A fertilizer, also called plant food, is composed of minerals plants need for their growth. In a soil where compost or manure is added regularly (both are also rich in minerals), a fertilizer isn’t always necessary. That may also be the case in areas where the previous year’s leaves are left to decompose on the spot. However, in gardening situations where you regularly take minerals away (by harvesting crops, by cutting back perennials in the fall, by raking up and removing fall leaves and lawn clippings, etc.), fertilizers are usually required. That’s why “take-away” cultures, like vegetable gardens and lawns, are usually needier of fertilizer than plantings that are mostly allowed to grow on their own, like shrub borders and groundcovers.
Potted plants probably need the most fertilizer of all, because their confined roots are simply not able to “reach out and grab” minerals in their surroundings the way they’re designed to; plus they are also prone to leaching due to rain and watering, meaning minerals you do add are often quickly washed away.
What is N-P-K?
In most countries, by law all commercial fertilizers must display in large type three figures that represent the percentage of nitrogen (N), phosphorus (P)and potassium (K)*, called macronutrients or major nutrients, that they contain. An 11-12-9 fertilizer would therefore contain 11% nitrogen, 12% phosphorus and 9% potassium.
*In fact, the percentages are of N, P2O5 and K2O, but by convention, NPK is used.
It is usually said that nitrogen is used to stimulate green growth. Thus, a fertilizer rich in nitrogen would be useful for seedlings and leafy plants (foliage house plants, conifers, leafy vegetables, etc.). But that simplifies things far too much: nitrogen is simply the most vital nutrient in plant growth and is used by plants in practically everything stage of their development.
Add too much nitrogen, though, and you could end up with lush, abundant leaf growth, few to no flowers, disease infestations and insect invasions (aphids, for example, are renowned for their love of nitrogen-boosted plants).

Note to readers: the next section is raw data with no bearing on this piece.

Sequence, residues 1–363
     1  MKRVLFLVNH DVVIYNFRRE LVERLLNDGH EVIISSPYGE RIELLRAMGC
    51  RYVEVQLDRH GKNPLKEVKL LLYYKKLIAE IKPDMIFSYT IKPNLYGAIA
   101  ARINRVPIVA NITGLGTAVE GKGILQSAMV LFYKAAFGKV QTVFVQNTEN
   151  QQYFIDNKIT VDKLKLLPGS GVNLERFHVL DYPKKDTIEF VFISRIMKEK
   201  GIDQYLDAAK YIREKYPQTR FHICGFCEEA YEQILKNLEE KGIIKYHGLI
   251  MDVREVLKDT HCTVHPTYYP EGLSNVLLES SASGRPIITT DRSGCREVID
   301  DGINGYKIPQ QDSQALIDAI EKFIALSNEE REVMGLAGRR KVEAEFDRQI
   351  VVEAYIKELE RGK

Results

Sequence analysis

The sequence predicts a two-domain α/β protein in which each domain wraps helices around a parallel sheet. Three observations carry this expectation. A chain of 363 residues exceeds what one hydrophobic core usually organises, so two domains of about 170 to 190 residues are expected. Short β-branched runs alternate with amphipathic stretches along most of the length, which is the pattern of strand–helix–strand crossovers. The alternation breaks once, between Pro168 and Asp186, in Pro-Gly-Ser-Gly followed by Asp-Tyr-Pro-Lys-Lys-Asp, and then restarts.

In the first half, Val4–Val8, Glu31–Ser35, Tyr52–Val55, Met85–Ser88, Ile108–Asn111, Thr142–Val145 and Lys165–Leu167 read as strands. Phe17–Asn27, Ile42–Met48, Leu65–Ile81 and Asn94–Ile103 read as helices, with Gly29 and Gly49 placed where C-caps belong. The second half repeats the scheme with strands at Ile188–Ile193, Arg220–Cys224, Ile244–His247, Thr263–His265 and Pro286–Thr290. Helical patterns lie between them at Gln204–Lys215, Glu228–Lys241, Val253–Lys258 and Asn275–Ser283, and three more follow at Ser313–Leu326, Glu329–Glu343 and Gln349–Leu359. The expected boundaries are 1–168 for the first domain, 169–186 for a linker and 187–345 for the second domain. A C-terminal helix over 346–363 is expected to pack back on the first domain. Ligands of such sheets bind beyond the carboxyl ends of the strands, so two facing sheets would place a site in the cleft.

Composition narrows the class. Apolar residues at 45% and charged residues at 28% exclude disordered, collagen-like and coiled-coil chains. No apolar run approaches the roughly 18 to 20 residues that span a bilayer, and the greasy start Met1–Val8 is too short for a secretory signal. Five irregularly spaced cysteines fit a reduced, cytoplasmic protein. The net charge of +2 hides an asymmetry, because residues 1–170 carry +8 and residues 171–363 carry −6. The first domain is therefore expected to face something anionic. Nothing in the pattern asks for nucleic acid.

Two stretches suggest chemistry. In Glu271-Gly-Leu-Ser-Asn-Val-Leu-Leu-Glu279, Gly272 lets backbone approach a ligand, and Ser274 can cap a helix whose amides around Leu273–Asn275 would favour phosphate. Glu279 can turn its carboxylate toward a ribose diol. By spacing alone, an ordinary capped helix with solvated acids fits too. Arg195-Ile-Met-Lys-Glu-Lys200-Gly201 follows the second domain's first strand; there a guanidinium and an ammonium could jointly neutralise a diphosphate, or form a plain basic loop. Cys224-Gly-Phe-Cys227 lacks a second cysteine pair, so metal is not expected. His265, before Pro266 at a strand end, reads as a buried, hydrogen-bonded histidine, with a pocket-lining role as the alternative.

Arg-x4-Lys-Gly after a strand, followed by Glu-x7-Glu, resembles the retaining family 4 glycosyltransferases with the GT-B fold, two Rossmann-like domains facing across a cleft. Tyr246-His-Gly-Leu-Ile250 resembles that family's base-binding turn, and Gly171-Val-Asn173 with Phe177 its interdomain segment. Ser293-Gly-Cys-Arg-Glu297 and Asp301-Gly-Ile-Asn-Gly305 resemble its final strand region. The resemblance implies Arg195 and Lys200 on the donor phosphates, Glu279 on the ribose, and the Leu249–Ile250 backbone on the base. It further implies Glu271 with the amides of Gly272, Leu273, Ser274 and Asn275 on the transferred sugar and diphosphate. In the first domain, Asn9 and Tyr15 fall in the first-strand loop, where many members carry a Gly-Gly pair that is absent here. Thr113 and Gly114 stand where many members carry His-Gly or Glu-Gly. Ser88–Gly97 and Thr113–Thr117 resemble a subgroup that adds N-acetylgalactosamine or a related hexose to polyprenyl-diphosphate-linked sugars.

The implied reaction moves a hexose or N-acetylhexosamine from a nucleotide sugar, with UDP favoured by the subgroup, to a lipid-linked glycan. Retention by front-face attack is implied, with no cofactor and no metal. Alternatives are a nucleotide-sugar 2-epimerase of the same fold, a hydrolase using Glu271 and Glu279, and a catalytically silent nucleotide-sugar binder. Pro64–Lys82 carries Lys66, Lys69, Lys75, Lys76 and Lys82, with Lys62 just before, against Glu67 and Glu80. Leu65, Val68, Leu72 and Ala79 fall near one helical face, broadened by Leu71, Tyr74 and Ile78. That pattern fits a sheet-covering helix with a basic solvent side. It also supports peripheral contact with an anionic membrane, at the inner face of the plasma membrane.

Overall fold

The fact remains, though, that nitrogen is the element that is most often missing in garden soils and pretty much every gardener will have to return nitrogen to the soil in one form or another.
Phosphorus is said to promote root development and also stimulate flowering and fruiting. This isn’t precisely true (phosphorous is in fact used in all sorts of ways by plants), but neither is it entirely false. Based on this belief, phosphorus-rich fertilizers are often sold as flower fertilizers, vegetable fertilizers or rooting fertilizers.
On the downside, fertilizers too rich in phosphorus (more than 15%) can negatively affect the establishment of mycorrhizal fungi, beneficial fungi that whose role is also to seek out and absorb phosphorous from the soil. And excess phosphorous flowing into bodies of water is causing environmental problems worldwide. For those reasons, you’ll be seeing more and more fertilizers with little to no phosphorous … and that’s fine where phosphorous is abundant in the soil, as indeed it often is.
Finally, the role of potassium seems primarily to promoting strong stem growth, flowering and fruiting. The commonly held belief that potassium is important in helping in plants resist bad weather, diseases and parasites is probably a bit exaggerated, but, like phosphorous and nitrogen, potassium is so important to healthy plant growth that it is very hard to draw a clear line as to its specific effects.
The belief that potassium boosts resistance has led to potassium-rich fertilizer often being recommended for vegetables and as a fall fertilizer to help plants better tolerate winter conditions.
A fertilizer that includes all three macronutrients (nitrogen, phosphorus, potassium) is said to be complete. If only one or two of these nutrients are present, it is said to be incomplete. Of course, an incomplete fertilizer can still be a good product. For example, if soluble forms of phosphorus and potassium are already present in sufficient quantities in the soil, which is more often the case than many gardeners think, why add more? It may be helpful to have a soil test done to find out if these two nutrients are missing or abundant in your garden soil.